It’s a problem that pops up far more often than anyone would expect: you’re attempting to code a new set of documentation when you discover that the patient’s incredibly specific issue is not covered by a current ICD-10 code. Though it may be hard to fathom given that ICD-10 contains over 70,000 codes, this issue is far from infrequent, to the point that there is an entire committee that holds regular meetings dedicated to continuously updating the massive code set. And the best part? Anyone can attend the meetings and submit a proposed amendment.

Since 2014, the ICD-10 Coordination and Maintenance Committee–led by representatives from both the National Center for Health Statistics (NCHS) and the Centers for Medicare and Medicaid Services (CMS)–has met to discuss and vote upon potential code changes. With NCHS responsible for the clinical modification (CM) side and CMS in charge of the procedural coding system (PCS), this committee meets every March and September to sort through proposals. Though there was a temporary freeze on coding updates during the transition to ICD-10, that pause is long over, and the committee is once again accepting amendments from the general public. Final decisions regarding updates and revisions are made by the Department of Health and Human Services, but submitting to this ICD-10 committee is the first major step in making a change.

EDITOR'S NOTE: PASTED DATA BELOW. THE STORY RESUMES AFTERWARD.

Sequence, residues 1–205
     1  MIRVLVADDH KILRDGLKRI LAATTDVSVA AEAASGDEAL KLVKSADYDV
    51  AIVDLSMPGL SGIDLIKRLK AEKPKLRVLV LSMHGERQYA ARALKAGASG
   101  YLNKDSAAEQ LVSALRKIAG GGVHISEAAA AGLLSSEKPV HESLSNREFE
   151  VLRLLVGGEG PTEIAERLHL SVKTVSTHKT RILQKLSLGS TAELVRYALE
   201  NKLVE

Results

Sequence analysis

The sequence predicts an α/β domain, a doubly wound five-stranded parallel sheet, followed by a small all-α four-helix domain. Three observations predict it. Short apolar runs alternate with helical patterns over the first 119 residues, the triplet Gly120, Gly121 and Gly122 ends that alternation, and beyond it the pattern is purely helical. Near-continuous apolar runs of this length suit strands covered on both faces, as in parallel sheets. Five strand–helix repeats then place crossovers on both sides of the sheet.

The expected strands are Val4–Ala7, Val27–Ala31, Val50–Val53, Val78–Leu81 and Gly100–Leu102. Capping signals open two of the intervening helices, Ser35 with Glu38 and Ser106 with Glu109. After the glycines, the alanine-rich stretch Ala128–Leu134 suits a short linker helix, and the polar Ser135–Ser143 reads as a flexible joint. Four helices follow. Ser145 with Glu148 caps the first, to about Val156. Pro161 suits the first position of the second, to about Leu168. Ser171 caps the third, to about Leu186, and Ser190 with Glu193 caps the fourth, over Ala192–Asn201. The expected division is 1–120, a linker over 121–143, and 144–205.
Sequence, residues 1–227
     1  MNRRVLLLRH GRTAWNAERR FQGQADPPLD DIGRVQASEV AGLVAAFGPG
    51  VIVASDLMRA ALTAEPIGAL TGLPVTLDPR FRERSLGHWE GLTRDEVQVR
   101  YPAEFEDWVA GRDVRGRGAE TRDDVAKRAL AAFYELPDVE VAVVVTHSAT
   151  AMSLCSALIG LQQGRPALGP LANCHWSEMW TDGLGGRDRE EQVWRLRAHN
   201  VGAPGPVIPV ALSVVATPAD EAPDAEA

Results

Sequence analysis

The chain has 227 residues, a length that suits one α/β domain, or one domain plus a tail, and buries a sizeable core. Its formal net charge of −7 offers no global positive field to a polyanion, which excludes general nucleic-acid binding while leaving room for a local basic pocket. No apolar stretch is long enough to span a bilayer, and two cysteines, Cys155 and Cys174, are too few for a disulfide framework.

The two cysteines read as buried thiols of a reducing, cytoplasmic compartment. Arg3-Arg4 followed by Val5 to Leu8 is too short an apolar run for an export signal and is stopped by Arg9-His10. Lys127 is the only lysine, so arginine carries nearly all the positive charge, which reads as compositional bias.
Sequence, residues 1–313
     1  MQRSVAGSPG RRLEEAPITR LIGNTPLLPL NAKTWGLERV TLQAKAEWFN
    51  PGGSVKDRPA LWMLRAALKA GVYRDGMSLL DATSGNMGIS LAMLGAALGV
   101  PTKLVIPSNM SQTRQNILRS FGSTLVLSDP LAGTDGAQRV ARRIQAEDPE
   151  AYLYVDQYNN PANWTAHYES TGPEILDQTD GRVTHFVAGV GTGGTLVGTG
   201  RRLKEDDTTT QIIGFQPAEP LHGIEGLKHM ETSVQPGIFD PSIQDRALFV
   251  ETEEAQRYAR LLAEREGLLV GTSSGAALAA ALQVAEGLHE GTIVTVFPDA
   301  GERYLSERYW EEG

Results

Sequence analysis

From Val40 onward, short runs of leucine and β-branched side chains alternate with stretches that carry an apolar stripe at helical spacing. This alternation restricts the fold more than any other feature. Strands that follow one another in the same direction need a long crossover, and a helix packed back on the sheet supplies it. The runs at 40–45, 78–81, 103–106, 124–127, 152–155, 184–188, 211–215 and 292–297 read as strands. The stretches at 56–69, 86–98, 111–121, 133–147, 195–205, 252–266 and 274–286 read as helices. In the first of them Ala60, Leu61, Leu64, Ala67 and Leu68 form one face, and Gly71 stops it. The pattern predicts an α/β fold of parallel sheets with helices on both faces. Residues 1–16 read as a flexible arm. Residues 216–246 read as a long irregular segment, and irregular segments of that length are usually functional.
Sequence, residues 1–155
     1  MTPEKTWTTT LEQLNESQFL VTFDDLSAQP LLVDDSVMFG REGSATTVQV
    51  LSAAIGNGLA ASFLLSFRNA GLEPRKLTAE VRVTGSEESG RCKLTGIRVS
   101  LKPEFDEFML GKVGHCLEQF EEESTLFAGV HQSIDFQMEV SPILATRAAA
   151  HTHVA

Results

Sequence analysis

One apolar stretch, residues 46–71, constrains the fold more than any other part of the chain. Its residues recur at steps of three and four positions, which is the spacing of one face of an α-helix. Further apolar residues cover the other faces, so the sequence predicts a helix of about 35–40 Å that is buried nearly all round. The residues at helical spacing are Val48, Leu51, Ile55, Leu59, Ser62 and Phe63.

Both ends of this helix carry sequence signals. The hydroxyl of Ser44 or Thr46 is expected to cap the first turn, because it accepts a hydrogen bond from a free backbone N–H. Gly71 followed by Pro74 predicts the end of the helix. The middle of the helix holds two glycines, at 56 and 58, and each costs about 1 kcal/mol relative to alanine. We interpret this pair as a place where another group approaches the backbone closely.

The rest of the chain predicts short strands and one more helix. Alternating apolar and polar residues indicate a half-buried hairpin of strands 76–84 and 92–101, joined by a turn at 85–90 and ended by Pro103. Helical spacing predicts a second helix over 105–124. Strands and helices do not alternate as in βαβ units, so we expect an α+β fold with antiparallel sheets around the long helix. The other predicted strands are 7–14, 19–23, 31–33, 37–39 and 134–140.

To submit a change for consideration, simply prepare a brief proposal containing a description of the proposed code change, the reasoning (including clinical relevance) for why you think the code should be altered, and any supporting medical documentation or other references that will help argue your case. Once you have submitted your proposal, be sure to register for the next available meeting (always held at the CMS headquarters in Baltimore, Maryland) so that you can see your revisions being reviewed firsthand. If you are unable to attend in person, public comments on all proposals can be submitted online up to a month after each session.

For examples of proposals from previous meetings, visit the official ICD-10 Coordination and Maintenance Committee webpage.